Object-Oriented vs. XML-based: IFC is an object-oriented data model based on the ISO 10303 standard (also known as STEP), while gbXML is an XML-based format. This means that IFC uses a set of pre-defined objects with specific properties and behaviors, while gbXML uses a set of XML elements to represent building information.
Level of Detail: IFC is designed to represent detailed information about building elements, including their geometric, spatial, and semantic properties, which makes it suitable for use in advanced building design and construction processes such as Building Information Modeling (BIM). On the other hand, gbXML is designed to represent simpler building information, such as building geometry and thermal properties, making it more suitable for energy modeling and analysis.
Industry Adoption: IFC is widely adopted by the AEC industry as an open standard for BIM data exchange, and is supported by most major software vendors. gbXML is also widely used, but is more limited in its scope and is primarily used for energy analysis and simulation.
In summary, IFC and gbXML are both schemas used in the AEC industry for building data exchange, but they differ in their data models, level of detail, and industry adoption. IFC is more comprehensive and suitable for advanced building design and construction processes, while gbXML is more focused on energy modeling and analysis.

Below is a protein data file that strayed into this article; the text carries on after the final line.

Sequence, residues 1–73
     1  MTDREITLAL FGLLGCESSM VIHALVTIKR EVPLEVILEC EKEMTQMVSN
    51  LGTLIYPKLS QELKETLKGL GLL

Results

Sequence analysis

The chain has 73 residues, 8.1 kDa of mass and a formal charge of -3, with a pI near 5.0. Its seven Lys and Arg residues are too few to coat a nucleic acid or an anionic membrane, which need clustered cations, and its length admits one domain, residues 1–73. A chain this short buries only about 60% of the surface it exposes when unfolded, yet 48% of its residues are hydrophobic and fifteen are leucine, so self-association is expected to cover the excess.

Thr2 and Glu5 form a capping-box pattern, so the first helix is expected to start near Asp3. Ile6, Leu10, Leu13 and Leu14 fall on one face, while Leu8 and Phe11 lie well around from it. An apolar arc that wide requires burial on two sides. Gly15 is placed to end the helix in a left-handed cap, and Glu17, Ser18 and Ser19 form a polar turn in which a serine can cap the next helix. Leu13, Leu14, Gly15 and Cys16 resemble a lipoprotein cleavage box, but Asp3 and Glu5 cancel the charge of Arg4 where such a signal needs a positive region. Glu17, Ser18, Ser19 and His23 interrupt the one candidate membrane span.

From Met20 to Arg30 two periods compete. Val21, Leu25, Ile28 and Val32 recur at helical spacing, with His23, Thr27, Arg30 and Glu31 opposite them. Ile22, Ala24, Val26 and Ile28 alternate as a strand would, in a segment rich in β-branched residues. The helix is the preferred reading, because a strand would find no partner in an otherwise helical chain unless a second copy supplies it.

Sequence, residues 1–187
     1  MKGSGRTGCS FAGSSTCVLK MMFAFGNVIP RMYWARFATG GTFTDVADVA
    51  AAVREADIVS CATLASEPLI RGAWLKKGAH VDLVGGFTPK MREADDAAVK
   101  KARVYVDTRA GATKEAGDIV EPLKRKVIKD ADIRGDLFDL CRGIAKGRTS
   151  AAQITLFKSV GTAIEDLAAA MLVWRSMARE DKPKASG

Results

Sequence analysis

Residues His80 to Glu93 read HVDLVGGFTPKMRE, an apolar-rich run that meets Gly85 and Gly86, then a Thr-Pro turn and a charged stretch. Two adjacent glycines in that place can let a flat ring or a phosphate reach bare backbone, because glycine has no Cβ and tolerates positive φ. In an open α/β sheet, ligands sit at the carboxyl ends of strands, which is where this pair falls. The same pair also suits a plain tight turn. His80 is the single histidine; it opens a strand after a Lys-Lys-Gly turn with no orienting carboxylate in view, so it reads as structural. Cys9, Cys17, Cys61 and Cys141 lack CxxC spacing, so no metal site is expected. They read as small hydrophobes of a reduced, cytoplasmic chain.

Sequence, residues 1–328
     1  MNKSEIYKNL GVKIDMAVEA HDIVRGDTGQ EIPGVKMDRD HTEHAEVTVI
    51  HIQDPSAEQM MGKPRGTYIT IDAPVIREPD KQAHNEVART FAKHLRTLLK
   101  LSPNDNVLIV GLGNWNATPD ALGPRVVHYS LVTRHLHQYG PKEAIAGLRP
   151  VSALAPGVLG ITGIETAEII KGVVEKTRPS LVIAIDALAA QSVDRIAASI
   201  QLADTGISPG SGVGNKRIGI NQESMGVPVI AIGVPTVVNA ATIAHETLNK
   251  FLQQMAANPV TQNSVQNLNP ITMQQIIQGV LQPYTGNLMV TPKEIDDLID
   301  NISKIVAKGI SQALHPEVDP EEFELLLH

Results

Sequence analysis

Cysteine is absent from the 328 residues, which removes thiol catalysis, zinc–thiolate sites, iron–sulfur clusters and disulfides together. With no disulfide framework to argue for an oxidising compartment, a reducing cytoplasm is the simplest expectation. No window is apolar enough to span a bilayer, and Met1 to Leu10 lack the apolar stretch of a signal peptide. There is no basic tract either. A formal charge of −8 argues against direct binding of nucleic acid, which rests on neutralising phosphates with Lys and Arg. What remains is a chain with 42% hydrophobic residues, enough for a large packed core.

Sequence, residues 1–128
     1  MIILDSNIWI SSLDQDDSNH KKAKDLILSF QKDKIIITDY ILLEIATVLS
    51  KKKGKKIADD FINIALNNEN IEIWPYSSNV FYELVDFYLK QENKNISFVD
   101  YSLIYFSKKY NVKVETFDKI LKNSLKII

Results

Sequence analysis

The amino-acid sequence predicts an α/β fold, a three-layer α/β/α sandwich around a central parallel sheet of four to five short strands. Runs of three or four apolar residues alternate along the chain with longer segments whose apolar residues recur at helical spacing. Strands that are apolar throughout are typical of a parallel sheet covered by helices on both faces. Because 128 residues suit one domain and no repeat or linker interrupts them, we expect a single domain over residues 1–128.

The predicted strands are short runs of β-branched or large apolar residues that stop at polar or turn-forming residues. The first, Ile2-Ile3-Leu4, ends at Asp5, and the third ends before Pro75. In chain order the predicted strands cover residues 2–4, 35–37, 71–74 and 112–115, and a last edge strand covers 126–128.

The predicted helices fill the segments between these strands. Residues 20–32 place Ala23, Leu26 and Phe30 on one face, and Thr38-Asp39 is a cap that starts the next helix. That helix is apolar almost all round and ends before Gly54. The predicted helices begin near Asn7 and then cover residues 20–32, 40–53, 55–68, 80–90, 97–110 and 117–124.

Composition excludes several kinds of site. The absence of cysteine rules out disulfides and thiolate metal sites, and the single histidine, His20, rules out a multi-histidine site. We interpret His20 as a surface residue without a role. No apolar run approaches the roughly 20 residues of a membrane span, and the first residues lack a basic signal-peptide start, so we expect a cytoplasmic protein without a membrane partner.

Also, IFCs are an ISO standard while gbXML is more a consensus standard.
Question 3: What are second-level space boundaries as it relates to energy modeling?
In the context of building design and modeling, a 2nd level space boundary (also known as a secondary space boundary) refers to a virtual boundary that separates two adjacent spaces within a building. Specifically, it defines the boundary between a space and any other adjacent spaces that are not primary enclosed spaces (i.e., spaces that have a direct contact with the outdoors or are conditioned spaces, such as rooms or corridors).
The concept of a 2nd level space boundary is important for several reasons. First, it allows building designers and engineers to more accurately model the thermal performance of a building by accounting for the heat transfer between adjacent spaces that may not have direct exposure to the outdoors. Second, it helps to define the occupancy and use of different spaces within a building, which is important for code compliance and building operation.
In a building model, a 2nd level space boundary can be defined using various methods, such as by explicitly drawing the boundary in a building design software, or by defining a set of rules that define the relationship between different spaces based on their location, orientation, and other properties. The resulting building model can then be used for various purposes, such as energy simulation, code compliance analysis, and facility management.